The smell from the fuel spill on Friday, along with the noise from the clean-up, was annoying to residents who lived on the north side of the canal. The Mississippi Department of Environmental Quality and the Coast Guard responded to the spill early Friday morning. The residents who live near the docks on a canal off of Old Fort Bayou said they have complained about the shrimp boats in the past to no avail. And that was before Hurricane Zeta left one of Benjamin Nguyen’s boats in one of the neighbor’s yards in October. For Nguyen, the storm killed his business of selling shrimp from the dock. >click to read< 08:44

May Day! Maine man charged with false distress call to Coast Guard

Nathan Libby, of Rockland, is charged with making a false distress call to the Coast Guard on December 3rd, 2020 via VHF-FM radio channel 16. Based on the call, the Coast Guard initiated a search spanning more than five hours, which included the use of a local Coast Guard vessel, a Maine Marine Patrol vessel, and a helicopter from Coast Guard Air Station Cape Cod. A criminal complaint was filed on January 27th in the U.S. District Court in Portland against Libby, who faces up to five years in prison and a $250,000 fine if convicted of the crime. >click to read< 07:45

Proposed Frenchman Bay salmon farm plan prompts call for review of state licensing rules

Protect Maine’s Fishing Heritage is calling for the Maine Department of Marine Resources to not only reject an as-of-yet unfiled proposal for a roughly 110-acre penned salmon fishery, but also revise the rules governing how such projects get approved. The group argues that without proper regulatory constraints, the state’s fast-growing aquaculture industry could disrupt traditional fishing activity and overtake the coast with large,  industrial fish farm operations. In October, American Aquafarms entered into an agreement to purchase the Maine Fair Trade Lobster facility in Gouldsboro, where it plans to develop its hatchery and processing facilities, officials said in a news release. Backed by Norwegian investor Mikael Roenes, the American Aquafarms proposal includes 30 150-foot salmon pens,,, >click to read< 17:37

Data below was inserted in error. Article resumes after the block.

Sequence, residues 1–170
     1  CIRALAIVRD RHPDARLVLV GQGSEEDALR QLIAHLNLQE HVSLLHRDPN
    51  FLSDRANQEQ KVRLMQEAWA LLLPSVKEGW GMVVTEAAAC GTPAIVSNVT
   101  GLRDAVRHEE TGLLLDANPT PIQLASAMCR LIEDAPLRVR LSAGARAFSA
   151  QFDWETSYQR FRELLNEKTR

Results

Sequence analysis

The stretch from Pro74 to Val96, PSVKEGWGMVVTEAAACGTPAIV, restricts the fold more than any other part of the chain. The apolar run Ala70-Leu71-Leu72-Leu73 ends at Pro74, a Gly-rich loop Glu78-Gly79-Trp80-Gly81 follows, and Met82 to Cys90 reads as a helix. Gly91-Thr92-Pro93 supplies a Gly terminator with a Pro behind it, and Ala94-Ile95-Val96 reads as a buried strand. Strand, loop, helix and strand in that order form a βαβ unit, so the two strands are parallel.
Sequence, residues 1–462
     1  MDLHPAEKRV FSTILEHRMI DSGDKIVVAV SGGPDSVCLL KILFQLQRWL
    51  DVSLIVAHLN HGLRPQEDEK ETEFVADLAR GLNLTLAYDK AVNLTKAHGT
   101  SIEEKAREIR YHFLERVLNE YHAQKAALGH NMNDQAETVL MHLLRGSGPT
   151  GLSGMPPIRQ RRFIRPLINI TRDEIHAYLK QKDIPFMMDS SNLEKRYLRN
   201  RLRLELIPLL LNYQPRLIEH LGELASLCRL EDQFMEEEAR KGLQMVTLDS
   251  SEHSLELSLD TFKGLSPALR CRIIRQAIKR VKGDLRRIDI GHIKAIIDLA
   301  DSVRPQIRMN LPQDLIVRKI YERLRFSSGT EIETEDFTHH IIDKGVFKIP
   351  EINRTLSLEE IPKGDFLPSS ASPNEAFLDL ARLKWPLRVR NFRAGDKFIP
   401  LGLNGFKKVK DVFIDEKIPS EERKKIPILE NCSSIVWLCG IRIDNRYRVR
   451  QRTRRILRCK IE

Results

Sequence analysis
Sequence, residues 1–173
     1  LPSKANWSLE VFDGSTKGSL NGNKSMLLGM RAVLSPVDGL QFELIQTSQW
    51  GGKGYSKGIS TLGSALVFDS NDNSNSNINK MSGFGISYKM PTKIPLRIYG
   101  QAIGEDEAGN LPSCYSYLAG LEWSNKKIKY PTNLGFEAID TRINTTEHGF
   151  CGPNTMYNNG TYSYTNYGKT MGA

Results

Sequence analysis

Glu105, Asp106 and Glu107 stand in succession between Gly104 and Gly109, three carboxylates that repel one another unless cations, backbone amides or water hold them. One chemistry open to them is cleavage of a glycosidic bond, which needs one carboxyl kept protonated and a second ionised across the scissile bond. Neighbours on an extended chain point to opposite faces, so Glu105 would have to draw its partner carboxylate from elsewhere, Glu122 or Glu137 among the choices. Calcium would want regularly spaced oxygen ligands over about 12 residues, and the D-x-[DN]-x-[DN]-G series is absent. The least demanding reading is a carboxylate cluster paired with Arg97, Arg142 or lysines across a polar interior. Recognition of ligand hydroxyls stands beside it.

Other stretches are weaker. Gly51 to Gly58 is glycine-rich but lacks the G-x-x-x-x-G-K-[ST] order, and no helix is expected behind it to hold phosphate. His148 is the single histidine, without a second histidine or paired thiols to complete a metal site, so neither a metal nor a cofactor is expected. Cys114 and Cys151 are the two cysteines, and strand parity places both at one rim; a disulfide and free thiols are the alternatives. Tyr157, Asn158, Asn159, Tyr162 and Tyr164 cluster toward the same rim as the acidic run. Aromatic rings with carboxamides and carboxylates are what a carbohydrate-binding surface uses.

The Maine Fishing community weighs in on offshore wind development

Maine’s fishing community is deeply concerned that wind development will end our fishing heritage, which has sustained coastal communities for centuries and is integral part of Maine’s identity. Without dedicated research proving otherwise, we are skeptical that offshore wind can deliver on its promise of affordable clean energy as promised by global energy companies. “The state of Maine should be wary of trading its fishing heritage by entering a race to fulfill empty promises from international energy companies,” warned Executive Director Patrice McCarron of the Maine Lobstermen’s Association. Wise words from the Executive Director. >click to read< 11:30

Missing fishermen named as Irish Sea search continues

A fishing boat crew missing off the north Wales coast since Wednesday night has been named as Alan Minard, Ross Ballantine and skipper Carl McGrath. The three men were working on the Nicola Faith,,, A major search operation, including coastguard teams and RNLI lifeboats, moved into a second day on Friday. The Coastguard said the alarm was raised on Thursday at 10:00 GMT and a major operation, including seven RNLI lifeboat crews and three coastguard search teams, was launched. >click to read< 10:38

CARES Act Applications Now Available for Maryland Fishing Industry – Deadline to Apply is Feb. 28, 2021

The Maryland Department of Natural Resources announces that applications remain available through February 28, 2021 for economic relief funds for the commercial seafood industry through the federal Coronavirus Aid, Relief, and Economic Security Act (CARES), for those who have been affected by the COVID-19 pandemic. The application will be available to eligible members of the seafood industry on the Maryland OneStop website. The deadline to apply is Feb. 28, 2021. >click to read< 09:27